The American Enterprise Institute and the Center for American Progress are leading Washington think tanks working at the intersection of politics and policy. This grant would allow experts in demography and public opinion at both institutions to jointly assess likely trends and patterns of diversity in the U.S. population over the next several decades. These projections will have major implications for our political system and the polarization that is now so readily observable within it. Having experts from these two different institutions publicly project, discuss, and debate our nation’s evolving demographics will help illuminate the path forward—and pitfalls to avoid—for political leaders and policy advocates alike.
About the Grantee
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Grants to this Grantee
for the Women’s Health and Rights Program
This grant will continue work to protect and advance reproductive health and rights through research and policy ideas that establish a framework for public debate. The program integrates disciplines such as economics, health care, and gender, and reaches a broad audience of advocates, policymakers, and the public through earned media, rapid response, editorial board outreach, op-ed placements, and broadcast media.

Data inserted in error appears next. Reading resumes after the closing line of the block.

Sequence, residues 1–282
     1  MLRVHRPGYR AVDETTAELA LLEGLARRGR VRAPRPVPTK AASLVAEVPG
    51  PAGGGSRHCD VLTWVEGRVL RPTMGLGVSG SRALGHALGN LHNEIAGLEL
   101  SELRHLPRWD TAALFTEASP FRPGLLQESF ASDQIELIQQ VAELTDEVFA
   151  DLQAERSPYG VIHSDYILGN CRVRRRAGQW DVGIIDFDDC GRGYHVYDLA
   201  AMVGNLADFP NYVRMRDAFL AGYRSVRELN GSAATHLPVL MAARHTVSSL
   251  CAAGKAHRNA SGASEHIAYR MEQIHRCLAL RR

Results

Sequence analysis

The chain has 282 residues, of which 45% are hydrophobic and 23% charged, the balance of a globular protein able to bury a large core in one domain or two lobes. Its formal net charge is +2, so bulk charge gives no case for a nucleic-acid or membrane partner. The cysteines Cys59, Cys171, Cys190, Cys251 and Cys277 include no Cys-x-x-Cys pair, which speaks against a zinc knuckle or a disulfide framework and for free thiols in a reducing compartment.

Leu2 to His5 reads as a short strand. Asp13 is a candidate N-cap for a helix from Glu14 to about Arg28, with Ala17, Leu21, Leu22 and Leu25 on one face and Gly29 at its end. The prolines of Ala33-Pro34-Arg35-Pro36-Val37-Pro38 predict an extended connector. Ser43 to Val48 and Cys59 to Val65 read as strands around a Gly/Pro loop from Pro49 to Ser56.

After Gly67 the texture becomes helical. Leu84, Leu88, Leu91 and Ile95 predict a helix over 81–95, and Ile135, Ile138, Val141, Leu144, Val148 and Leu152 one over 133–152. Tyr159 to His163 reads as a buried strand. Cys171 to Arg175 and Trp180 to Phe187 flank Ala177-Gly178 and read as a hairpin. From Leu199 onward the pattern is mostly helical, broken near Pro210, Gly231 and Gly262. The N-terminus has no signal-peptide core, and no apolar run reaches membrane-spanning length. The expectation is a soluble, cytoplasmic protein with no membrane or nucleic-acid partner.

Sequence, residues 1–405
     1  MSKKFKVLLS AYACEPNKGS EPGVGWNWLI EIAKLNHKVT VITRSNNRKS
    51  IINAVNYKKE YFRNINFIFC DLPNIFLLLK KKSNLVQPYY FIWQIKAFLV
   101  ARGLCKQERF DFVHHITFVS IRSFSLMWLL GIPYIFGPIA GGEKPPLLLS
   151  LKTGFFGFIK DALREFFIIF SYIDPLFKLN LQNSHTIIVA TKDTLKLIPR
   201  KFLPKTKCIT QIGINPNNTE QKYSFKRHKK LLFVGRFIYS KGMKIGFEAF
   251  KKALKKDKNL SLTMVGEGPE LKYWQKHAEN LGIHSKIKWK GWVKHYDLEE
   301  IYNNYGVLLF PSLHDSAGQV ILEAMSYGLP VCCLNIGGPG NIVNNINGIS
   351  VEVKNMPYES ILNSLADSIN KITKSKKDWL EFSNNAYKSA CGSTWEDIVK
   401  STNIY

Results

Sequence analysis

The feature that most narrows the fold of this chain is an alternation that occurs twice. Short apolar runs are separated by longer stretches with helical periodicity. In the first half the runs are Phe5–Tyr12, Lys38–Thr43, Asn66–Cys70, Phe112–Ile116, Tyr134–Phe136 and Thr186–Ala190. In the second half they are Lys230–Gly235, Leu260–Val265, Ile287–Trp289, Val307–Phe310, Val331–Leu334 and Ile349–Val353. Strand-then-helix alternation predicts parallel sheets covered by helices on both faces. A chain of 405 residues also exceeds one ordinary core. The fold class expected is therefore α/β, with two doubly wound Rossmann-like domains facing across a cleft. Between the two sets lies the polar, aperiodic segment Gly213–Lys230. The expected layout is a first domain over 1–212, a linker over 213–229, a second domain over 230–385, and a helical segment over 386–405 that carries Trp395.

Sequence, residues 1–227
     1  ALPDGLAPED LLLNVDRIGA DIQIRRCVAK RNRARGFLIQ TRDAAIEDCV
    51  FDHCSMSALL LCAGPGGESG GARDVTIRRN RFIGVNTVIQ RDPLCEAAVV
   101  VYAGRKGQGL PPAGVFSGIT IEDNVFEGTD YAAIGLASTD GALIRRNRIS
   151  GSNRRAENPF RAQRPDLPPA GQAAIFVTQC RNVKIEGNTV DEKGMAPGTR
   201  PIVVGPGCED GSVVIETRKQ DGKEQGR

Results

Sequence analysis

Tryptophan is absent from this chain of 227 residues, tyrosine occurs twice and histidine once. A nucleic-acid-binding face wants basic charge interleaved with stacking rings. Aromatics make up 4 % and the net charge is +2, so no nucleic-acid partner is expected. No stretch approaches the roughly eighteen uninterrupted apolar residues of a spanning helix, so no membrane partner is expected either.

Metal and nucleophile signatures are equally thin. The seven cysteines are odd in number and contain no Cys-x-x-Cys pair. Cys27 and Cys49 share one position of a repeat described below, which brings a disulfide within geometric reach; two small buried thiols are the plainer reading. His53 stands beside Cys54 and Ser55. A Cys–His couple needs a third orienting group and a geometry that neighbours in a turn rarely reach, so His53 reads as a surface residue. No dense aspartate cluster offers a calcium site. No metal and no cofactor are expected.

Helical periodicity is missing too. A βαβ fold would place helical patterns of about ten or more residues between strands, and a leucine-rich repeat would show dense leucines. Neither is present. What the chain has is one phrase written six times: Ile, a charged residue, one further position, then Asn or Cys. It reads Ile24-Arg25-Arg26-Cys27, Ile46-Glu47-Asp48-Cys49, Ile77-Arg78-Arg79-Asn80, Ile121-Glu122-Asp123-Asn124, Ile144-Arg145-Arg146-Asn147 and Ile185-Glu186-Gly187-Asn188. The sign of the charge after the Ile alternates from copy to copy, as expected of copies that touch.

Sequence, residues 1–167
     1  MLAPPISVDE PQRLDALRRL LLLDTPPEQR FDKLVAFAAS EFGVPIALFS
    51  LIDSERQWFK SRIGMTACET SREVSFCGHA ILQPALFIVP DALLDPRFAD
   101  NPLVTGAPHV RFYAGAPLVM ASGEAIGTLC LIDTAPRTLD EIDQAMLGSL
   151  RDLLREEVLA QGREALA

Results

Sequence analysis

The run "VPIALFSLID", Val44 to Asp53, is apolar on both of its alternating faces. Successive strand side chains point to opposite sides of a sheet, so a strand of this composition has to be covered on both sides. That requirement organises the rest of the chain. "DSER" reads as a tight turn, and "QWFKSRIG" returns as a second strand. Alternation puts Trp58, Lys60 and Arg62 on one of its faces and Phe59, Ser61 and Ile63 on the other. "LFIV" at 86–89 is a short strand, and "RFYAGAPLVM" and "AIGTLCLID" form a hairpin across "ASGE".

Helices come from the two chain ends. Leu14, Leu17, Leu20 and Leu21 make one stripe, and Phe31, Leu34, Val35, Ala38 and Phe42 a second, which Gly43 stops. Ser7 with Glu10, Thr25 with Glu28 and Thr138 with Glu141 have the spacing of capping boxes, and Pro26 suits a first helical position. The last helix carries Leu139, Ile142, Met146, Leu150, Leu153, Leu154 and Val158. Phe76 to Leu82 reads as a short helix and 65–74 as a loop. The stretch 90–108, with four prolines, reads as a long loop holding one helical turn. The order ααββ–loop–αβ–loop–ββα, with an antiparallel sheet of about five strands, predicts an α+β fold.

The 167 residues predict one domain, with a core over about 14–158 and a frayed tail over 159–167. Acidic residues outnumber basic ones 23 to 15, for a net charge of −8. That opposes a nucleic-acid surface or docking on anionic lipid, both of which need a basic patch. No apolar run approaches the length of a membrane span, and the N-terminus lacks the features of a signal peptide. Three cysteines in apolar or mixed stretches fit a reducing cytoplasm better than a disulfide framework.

for climate and energy story bank
The Center for American Progress (CAP) seeks to protect and improve the lives of Americans most affected by the impacts of climate change. To that end, CAP will build a multi-issue story bank to collect, vet, and amplify the personal stories of individuals who put a face on the detrimental effects of dismantling health-based regulations and funding for environmental safeguards.
for support of the "States of Change: Demographics and Democracy" project
The Center for American Progress' States of Change project documents and analyzes the challenges to democracy posed by the rapid demographic evolution of the United States from the 1970s to 2060, including the extent to which different demographic groups may be overrepresented and underrepresented in the political process. Center for American Progress has produced the most detailed available data on past and future demographic changes, including projections of the race/ethnic, age, and generational composition of every state to 2060, which has not been done for 20 years. This has allowed the project to promote a wide-ranging discussion of America's demographic future and what it portends for the nation's political parties and for public policy.